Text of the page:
The past 5 to 10 years have seen an explosive growth in the use of learning management systems in the corporate training world. With the growth of the LMS, the way that customer service training is developed is also changing. Before course management systems were around, all customer service training had to be performed face-to-face. While there are certainly benefits to this method, with the advent of training software companies can potentially use the online learning platforms to perform all of their training at a much lower cost.
With that said, training doesn’t have to be one way or another. For customer service training, a blended approach can maximize the benefits of both types of training.
When things go wrong with a product, customer service representatives are going to be the face of the company, so it’s important that they get their jobs right. Though training is crucial, there’s a high turn-over rate, making customer service training an expensive piece of the puzzle. Using a combination of live training and training software can help to maximize the learning experience while keeping the costs down.
First, there can be an initial face-to-face class that might last a few hours or a few days, depending on how complex the product line is. This class is important because it will set the tone for what is expected of the representative. It will also help to develop a relationship between the trainer or manager with the new employee, and this is something that no training software can accomplish.
A learning management system can then be used to enforce and test the initial concepts as taught through the traditional course. An online learning platform can host a course that contains videos highlighting the main concepts. Videos served through the online course platform can be used to present mock situations. Then an assessment module can be developed to see if the customer service representative understands the best ways to react in those situations.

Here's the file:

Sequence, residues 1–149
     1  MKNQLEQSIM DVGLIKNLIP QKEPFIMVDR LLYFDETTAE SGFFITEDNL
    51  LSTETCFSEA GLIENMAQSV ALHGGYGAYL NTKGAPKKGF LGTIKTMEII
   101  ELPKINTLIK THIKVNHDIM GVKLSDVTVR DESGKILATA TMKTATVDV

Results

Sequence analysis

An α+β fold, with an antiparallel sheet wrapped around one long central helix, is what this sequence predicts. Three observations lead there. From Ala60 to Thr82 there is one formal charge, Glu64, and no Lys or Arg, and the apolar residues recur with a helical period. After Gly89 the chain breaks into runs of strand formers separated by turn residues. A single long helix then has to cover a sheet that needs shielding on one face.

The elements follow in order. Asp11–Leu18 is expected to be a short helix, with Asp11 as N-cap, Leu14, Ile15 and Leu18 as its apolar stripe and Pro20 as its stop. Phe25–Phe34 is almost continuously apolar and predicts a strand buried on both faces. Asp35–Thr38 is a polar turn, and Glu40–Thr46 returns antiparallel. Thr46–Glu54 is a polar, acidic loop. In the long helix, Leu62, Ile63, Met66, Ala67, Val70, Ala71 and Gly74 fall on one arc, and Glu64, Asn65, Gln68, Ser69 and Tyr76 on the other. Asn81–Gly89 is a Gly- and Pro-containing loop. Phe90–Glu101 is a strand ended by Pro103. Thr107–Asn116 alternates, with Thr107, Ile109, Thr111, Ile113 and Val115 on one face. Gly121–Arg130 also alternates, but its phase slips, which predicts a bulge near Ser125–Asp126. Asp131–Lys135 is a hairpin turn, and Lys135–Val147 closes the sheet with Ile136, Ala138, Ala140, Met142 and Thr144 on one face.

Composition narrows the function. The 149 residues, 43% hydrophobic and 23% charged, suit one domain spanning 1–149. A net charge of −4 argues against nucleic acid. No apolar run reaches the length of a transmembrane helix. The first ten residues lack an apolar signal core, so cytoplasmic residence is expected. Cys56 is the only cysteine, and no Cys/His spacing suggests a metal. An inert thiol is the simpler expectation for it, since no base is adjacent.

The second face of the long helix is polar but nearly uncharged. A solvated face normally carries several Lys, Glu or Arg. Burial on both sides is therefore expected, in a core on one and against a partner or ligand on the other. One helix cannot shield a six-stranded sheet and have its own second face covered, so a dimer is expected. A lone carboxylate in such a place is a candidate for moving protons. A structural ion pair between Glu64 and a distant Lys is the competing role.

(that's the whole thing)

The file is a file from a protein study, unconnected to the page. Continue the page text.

Videos can also be created which show ineffective ways of providing customer service. For example, using open ended questions through a survey module in your LMS, the trainees can reflect on why they think the customer service representatives in the videos didn’t handle a situation effectively.
For those who don’t do well in the course, a live follow-up session can be conducted by a more senior customer service representative. Perhaps it will be determined that the employee is not cut out for that position. Or maybe the employee just needs more time with the material.
After taking the online course, the trainee will be ready for the next step. Mock situations can be created and then acted out by more senior customer service representatives. This will give the trainee additional practice and feedback before he or she is ready to talk with actual customers. Assuming that these mock situations are successful, the trainee is ready to go out into the field for the final test: a live customer.
Once a part of the customer service team, a learning management system can be useful in the continuing education aspect of customer service. New products will be introduced, which will require new knowledge on the part of the customer service representative. In this area, the LMS really shines as a resource. Documentation for the new products and short courses for the new products can cut down on the amount of time and effort that goes into the continuing education piece.
Customer service training should not be minimized. Representatives must be trained to educate potential customers, as well as help current customers. A blended approach can maximize the benefits reaped by both live and online learning.